The Achilles tendon is the most frequently injured tendon around the foot and ankle. With the demographics of an aging population, increasingly aware of the importance of physical exercise and maintaining overall health, both acute ruptures of the tendon and chronic pain from the intact tendon are being seen more frequently. Rupture of the Achilles tendon however is by no means limited to those past the peak of physical fitness or unaccustomed to exercise and it is very much an affliction of the young, active sporting population also.
The history of Achilles rupture is usually classically described as a feeling of being kicked to the Achilles area and sometimes even a very audible “crack” or “snap” is heard. There is an immediate inability to continue with the activity and well-localized pain. In the vast majority of cases bruising behind and to the sides of the ankle and swelling occurs rapidly. You should seek medical advice immediately.
Usually two weeks after a complete rupture there is usually very little pain anymore. At this stage it’s more common to notice a weakness of gait, possibly a feeling of instability and also likely a limp. It will also not be possible to raise yourself onto tip toes on the injured ankle.
If you think you may have torn your Achilles tendon, it is better to get it checked by an orthopaedic surgeon as soon as possible. Early diagnosis with the help of clinical examination and confirmed by a scan can make a difference in it being more treatable, leading to better long-term outcome.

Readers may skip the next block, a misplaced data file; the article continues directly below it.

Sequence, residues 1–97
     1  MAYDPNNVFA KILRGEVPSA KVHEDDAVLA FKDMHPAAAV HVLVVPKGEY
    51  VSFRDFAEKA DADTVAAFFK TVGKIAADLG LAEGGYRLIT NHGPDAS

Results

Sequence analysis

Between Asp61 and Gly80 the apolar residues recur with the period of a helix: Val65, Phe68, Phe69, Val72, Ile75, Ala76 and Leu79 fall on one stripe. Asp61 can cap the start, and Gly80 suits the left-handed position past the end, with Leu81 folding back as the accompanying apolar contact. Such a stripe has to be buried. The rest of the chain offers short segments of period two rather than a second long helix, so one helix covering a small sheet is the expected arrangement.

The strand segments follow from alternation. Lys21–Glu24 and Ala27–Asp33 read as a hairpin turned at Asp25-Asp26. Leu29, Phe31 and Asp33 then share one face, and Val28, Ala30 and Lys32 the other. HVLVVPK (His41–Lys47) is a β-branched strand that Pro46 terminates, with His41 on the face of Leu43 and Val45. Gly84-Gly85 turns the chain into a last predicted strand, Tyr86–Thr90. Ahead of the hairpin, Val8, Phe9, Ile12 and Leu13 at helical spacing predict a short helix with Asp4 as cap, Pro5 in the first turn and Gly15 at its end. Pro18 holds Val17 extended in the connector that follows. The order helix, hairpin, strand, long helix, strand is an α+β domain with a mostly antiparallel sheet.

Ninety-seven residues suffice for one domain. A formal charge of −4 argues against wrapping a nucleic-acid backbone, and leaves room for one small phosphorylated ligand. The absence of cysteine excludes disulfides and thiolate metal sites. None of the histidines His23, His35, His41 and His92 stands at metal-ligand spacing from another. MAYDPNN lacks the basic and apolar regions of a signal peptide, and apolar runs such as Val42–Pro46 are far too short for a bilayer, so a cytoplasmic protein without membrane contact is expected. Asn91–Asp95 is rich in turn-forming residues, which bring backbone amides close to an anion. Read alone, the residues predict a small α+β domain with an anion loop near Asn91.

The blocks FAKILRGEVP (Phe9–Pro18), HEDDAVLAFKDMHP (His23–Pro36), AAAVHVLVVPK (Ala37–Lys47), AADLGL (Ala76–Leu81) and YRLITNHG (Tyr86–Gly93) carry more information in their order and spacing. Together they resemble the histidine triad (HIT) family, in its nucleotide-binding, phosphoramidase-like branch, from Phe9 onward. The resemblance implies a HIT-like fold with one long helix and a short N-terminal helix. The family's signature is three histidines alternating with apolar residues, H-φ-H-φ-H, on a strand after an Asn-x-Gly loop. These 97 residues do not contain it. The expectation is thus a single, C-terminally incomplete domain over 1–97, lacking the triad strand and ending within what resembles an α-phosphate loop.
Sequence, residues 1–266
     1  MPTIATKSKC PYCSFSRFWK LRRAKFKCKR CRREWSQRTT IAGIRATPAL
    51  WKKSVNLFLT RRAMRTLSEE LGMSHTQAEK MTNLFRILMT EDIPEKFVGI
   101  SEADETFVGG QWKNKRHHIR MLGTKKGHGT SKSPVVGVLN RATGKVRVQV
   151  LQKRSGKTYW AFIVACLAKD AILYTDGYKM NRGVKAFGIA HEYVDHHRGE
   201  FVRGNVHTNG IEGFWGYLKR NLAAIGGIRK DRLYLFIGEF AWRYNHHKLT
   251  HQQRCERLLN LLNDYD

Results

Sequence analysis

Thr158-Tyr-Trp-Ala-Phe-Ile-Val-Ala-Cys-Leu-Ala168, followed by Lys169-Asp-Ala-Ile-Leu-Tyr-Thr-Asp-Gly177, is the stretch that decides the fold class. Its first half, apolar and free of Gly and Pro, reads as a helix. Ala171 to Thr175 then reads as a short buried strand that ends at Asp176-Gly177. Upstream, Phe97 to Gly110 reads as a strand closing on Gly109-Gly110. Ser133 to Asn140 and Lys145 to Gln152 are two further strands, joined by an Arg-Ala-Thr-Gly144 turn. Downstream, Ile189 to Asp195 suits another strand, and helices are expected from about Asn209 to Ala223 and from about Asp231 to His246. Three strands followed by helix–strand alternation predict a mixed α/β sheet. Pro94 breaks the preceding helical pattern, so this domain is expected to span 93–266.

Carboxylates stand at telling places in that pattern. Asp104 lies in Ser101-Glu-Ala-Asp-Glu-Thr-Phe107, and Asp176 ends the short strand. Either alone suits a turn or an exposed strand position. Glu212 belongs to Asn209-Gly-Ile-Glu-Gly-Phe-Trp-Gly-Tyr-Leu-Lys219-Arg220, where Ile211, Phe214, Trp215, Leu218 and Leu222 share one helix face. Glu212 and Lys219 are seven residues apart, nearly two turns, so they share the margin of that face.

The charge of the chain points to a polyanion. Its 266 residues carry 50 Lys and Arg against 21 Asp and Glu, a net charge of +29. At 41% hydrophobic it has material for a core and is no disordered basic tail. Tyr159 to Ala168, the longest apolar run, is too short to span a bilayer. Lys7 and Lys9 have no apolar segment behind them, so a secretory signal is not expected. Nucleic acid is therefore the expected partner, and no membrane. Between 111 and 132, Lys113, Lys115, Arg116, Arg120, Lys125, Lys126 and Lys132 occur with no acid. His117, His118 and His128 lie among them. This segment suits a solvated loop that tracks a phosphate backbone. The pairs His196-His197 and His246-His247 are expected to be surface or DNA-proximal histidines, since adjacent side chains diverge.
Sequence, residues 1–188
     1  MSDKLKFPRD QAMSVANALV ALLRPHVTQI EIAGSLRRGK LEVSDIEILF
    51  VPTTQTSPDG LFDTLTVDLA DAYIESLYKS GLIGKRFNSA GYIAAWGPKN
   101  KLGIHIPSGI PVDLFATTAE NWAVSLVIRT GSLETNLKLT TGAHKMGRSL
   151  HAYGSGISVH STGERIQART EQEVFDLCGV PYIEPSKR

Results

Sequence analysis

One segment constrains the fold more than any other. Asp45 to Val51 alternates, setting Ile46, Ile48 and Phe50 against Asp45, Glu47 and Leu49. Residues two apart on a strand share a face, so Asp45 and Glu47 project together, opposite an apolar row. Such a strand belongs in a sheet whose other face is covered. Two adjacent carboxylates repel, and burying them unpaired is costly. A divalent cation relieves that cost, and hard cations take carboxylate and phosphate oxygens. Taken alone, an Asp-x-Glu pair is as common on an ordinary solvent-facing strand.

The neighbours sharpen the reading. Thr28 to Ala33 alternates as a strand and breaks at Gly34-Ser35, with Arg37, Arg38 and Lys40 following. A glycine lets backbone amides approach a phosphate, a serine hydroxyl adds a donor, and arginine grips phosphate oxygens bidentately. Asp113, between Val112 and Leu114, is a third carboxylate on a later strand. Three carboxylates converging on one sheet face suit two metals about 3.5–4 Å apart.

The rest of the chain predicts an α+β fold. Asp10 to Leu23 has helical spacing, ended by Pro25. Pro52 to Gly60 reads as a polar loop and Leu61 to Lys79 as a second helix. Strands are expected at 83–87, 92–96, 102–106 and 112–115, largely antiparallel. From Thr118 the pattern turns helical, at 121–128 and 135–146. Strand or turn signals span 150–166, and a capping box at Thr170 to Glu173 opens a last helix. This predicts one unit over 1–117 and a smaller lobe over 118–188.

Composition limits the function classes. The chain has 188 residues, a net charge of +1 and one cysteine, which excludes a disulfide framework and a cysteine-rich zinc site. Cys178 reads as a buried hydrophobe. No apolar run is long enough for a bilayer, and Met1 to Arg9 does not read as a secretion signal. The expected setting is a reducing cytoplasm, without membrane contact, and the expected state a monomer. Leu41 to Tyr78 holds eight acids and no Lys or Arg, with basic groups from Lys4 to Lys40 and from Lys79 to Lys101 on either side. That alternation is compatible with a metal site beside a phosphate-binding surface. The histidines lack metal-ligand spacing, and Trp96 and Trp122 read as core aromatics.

Without treatment, the tendon edges remain apart and heal incorrectly with excessive scar tissue. This causes weakness of the calf muscles leading to difficulty in push-off activities like running or even brisk walking.
Surgical repair: Young, active, fit individuals are advised to undergo repair of their ruptured tendon. Surgical repair has lower risk of rupture and advantage of earlier return to normal activities, including sports. In surgery the ends of torn tendon are approximated and stitched together using minimally invasive techniques, which cause minimal damage to surrounding tissues, thus bringing better outcomes. A boot or a brace is given till it heals. Non-surgical treatment: The leg is immobilized in a plaster cast to approximate the torn end as close as possible. This treatment may be prolonged and associated with weakness of calf muscles and an increase risk of re-rupture compared to surgical treatment.
If the tendon is treated promptly in the most appropriate way, most individuals can return to jogging after 12 weeks and jumping sports in 6-9 months. Office work (sitting on a desk) can be resumed within a week of wound healing. If your job involves heavy labour, it may take 3-4 months to be comfortable at work.